Was Lincoln’s statement in the following quote necessarily predictive of how the crisis over slavery had to turn out?
"A house divided against itself cannot stand. I believe this government cannot endure, permanently half slave and half free. I do not expect the Union to be dissolved—I do not expect the house to fall—but I do expect it will cease to be divided. It will become all one thing or all the other." -Abraham Lincoln
Support, refute, or modify the contention through an examination of: the significance of the struggle over slavery for the American constitutional tradition.
What does that even mean? The American constitutional tradition?
History - Writeacher, Tuesday, December 17, 2013 at 8:00am
Remember that one of the issues that brought about the American Revolution was taxation without representation and all the things that King George III did or didn't do, as he wished. The colonists who fought for independence from England wanted to be governed by their own laws, written by their own democratically elected representatives ... not a king across an ocean who ruled as his whims went.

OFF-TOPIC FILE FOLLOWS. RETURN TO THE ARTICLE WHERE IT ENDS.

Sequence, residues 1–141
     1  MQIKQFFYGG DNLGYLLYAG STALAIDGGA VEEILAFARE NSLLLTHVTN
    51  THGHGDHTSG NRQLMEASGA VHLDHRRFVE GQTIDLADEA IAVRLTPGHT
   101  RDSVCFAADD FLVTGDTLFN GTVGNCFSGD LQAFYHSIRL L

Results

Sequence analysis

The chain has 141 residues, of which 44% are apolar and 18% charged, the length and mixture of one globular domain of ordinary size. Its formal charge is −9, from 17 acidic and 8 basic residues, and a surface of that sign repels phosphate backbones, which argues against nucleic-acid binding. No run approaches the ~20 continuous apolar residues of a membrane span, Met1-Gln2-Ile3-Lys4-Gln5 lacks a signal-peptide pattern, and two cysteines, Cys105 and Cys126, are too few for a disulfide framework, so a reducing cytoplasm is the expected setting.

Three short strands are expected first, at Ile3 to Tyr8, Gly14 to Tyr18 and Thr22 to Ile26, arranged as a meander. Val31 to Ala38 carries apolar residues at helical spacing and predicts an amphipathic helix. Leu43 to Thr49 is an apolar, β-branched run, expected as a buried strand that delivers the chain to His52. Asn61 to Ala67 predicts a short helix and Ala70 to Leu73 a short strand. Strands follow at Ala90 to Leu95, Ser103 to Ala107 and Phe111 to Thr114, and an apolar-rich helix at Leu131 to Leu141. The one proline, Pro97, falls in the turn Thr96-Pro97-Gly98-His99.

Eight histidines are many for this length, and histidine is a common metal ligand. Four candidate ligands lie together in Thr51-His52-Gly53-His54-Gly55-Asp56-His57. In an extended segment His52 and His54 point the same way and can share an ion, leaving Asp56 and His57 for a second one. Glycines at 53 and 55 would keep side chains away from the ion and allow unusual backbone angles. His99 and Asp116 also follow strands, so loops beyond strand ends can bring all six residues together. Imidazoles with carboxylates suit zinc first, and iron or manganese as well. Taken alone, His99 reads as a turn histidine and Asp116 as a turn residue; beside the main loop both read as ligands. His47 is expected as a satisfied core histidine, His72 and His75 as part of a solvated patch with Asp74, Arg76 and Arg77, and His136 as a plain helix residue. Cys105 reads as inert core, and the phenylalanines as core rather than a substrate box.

It took two tries (Articles of Confederation and the Constitution) before the people in the new country (through their elected representatives) had the beginning of the set of laws (Constitution) they could live with. Amendments have been added, but they are still part of the Constitution. Overall, Americans expect to have a government based on laws, not on the whims of men.
Lincoln expected that whole system would be restored when all the states were back together in the Union, living under the Constitution.